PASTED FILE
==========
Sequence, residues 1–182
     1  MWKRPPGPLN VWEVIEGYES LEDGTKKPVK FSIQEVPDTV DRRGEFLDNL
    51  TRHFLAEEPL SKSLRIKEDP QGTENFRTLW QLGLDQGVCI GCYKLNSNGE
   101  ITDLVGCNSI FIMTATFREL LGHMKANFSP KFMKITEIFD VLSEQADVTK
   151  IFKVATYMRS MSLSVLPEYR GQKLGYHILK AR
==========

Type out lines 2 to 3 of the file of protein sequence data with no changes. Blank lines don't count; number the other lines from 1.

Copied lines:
     1  MWKRPPGPLN VWEVIEGYES LEDGTKKPVK FSIQEVPDTV DRRGEFLDNL
    51  TRHFLAEEPL SKSLRIKEDP QGTENFRTLW QLGLDQGVCI GCYKLNSNGE